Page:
- FAQ


Polarization (also polarisation) is a property of waves that describes the orientation of their oscillations. Electromagnetic waves such as light, along with other types of wave, exhibit polarization.

By convention, the polarization of light is described by specifying the direction of the wave's electric field. When light travels in free space, in most cases the polarization propagates as a transverse wave—the polarization is perpendicular to the wave's direction of travel. In this case, the electric field may be oriented in a single direction (linear polarization), or it may rotate as the wave travels (circular or elliptical polarization). In the latter cases, the oscillations can rotate rightward or leftward in the direction of travel, and which of those two rotations is present in a wave is called the wave's chirality or handedness.

Linear Polarization

Light itself are a form of electromagnetic waves that are emitted by a light source. A single light source usually emits electromagnetic waves of different shapes and orientations – for example, the light emitted by a projector moves into a specific direction while the electromagnetic waves move up and down or left and right along that direction.

Polarization filters also called polarizers are optical instruments that work like an "optical fence" – they only permit light of a defined orientation to pass. If non-polarized light hits a polarizer, only those light waves that are in alignment with the optical fence are allowed to pass through. All other light is filtered out. The light that has passed the filter is called polarized and all light waves oscillate in along a single plain.

Thus, if a linear polarization filter is turned by 90 degrees, light that was able to pass through it before is blocked and other light waves can now pass the filter.

In the case of passive 3D stereo projections, polarizers are mounted on the projectors such that the orientation of the polarization of the filters is orthogonal to each other (i.e. at an angle of 90 degrees). The same applies to the 3D stereo glasses worn by the spectator. The polarization of the glasses is identical to the polarization angle of the filters mounted on the projectors. This is how passive 3D stereo projections ensure that the left eye only sees the picture projected by the left projector and vice versa.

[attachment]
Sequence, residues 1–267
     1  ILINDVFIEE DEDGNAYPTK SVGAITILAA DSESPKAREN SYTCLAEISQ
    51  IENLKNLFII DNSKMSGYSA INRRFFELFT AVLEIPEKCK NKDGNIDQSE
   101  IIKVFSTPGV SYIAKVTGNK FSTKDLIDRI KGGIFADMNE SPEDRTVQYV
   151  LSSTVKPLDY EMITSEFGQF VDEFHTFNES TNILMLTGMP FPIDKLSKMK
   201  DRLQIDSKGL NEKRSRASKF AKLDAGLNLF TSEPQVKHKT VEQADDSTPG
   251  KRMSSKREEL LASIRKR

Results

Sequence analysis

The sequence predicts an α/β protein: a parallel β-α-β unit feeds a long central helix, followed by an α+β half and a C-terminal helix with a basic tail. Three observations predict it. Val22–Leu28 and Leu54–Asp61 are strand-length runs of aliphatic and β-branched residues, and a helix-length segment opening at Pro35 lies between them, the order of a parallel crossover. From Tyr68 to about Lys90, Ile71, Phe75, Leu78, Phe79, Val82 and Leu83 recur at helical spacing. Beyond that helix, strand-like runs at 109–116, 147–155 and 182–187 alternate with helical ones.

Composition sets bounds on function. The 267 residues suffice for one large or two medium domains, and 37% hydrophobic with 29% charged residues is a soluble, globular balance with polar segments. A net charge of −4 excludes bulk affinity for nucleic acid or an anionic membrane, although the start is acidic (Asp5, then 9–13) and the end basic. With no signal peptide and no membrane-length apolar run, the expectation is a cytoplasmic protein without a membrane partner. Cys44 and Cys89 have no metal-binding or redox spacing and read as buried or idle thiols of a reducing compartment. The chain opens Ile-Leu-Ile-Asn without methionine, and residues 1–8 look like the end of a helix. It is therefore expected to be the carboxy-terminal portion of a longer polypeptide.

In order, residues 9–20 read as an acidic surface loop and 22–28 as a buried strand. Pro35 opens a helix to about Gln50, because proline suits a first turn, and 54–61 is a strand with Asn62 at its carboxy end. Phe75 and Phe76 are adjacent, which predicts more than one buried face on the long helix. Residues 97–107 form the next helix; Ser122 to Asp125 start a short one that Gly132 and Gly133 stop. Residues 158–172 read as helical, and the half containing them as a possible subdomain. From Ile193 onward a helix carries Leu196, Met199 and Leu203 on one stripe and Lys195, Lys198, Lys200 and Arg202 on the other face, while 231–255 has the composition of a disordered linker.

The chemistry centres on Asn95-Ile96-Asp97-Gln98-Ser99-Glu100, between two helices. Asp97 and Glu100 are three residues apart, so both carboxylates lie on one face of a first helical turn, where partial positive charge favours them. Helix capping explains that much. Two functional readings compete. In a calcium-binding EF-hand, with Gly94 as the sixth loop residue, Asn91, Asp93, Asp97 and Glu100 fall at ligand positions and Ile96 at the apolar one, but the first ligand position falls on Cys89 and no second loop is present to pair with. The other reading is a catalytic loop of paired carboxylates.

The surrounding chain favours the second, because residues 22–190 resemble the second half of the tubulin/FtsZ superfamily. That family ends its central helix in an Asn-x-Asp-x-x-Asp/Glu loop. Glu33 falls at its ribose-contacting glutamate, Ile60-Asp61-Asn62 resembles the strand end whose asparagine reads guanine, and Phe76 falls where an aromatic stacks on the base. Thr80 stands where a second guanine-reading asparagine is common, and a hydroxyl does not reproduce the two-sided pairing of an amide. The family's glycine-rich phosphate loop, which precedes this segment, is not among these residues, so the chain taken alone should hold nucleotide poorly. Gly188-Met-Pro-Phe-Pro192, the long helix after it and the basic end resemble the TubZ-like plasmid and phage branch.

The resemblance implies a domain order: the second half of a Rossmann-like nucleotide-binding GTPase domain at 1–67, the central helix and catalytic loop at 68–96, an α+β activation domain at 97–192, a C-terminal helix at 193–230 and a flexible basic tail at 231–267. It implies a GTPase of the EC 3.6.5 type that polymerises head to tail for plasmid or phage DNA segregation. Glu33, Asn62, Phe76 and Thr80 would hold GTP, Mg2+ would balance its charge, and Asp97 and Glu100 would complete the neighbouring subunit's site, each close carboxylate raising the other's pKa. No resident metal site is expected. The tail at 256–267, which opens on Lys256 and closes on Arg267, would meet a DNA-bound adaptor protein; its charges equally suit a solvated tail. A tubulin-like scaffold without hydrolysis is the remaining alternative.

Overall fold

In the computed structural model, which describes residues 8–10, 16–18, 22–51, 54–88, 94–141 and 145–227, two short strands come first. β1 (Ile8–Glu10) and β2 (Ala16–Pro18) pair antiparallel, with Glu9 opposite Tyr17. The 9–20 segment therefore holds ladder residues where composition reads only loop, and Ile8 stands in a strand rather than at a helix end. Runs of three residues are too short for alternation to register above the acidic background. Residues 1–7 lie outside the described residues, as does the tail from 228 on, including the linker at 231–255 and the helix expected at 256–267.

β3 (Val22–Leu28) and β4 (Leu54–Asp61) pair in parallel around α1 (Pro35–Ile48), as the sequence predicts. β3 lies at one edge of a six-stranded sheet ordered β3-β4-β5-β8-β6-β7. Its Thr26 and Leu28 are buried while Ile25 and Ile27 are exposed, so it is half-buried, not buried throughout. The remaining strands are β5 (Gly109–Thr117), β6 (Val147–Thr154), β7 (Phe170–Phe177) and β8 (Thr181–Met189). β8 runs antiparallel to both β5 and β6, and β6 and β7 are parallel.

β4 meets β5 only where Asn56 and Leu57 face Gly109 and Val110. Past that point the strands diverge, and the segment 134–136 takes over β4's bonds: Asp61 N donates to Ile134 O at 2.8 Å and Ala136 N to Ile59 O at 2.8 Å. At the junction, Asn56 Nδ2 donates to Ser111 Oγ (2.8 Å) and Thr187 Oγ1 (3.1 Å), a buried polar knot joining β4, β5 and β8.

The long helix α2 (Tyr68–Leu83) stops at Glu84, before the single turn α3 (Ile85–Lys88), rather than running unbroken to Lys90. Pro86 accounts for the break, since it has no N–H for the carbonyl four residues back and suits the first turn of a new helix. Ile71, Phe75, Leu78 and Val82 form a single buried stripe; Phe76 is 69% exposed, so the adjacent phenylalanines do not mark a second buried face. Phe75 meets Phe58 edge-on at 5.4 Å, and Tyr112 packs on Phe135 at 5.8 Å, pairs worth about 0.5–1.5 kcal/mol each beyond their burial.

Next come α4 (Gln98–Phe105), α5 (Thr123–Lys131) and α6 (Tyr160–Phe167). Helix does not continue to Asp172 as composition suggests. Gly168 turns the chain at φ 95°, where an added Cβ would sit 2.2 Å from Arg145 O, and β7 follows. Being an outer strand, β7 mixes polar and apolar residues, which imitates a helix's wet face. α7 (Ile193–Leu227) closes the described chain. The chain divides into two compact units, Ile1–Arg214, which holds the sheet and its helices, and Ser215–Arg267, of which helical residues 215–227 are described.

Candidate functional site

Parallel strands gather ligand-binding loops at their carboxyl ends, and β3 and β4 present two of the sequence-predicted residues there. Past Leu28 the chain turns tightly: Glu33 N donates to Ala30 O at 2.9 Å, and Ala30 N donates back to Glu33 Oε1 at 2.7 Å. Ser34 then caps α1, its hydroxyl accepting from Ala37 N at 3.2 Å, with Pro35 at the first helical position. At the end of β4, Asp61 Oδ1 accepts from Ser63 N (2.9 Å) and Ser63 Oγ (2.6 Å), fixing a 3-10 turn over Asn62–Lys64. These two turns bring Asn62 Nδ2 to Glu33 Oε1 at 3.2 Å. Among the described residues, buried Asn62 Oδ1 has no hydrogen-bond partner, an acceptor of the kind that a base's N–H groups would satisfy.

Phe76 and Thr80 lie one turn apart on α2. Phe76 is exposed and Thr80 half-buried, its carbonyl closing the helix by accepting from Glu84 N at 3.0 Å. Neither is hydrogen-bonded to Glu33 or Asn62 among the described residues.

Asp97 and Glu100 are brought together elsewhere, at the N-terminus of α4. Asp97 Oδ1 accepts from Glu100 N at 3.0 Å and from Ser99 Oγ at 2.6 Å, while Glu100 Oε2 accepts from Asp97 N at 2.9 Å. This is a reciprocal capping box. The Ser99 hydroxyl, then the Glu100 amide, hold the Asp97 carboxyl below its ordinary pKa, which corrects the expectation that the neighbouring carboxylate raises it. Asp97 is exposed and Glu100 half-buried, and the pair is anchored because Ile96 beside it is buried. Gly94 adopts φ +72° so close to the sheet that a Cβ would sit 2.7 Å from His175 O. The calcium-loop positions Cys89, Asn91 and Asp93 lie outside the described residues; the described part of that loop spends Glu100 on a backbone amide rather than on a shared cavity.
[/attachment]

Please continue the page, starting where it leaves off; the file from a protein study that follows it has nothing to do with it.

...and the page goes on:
Whenever polarizers are used, some of the light of the projector is blocked from reaching the screen. Thus these filters always reduce the brightness of the projection. In general the following holds: The higher the degree of the transmission of the polarizer, the brighter the projection of the picture. Leveraging coated filters is advantageous – they improve transmission.

left linear filter right linear filter Note
\ / Standard "V-shaped" oriantation for 3D Glasses: left eye at -45°, right eye at -45°
-- | Used by Russian "ETUD"-Projector, part of the FED Camera System

Circular Polarization

A linear polarizing filter followed by a quarter-wave plate, whose slow and fast axes are at 45° to the axis of the polarizer, becomes a circular polarizing filter and incident unpolarized light emerges as circularly polarized light. This will not work if the order of the polarizer and wave plate is reversed. A quarter-wave plate converts circularly polarized light into linearly polarized light.

Depending on the orientation of the linear polarized part of the circular polarizer, there are slight differences between the filter types. Various companies use different systems:

left linear component right linear component Note
-- -- RealD, where left and right filter is oriented horizontal = 0°
/ / Zalman 22" monitor, where linear orientation is +45°
\ \ Acer Notebook, where filter orientation is -45°
| | not used yet

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Last modified on December 27, 2009
Copyright © 1999 - by and Alexander Klein. All rights reserved.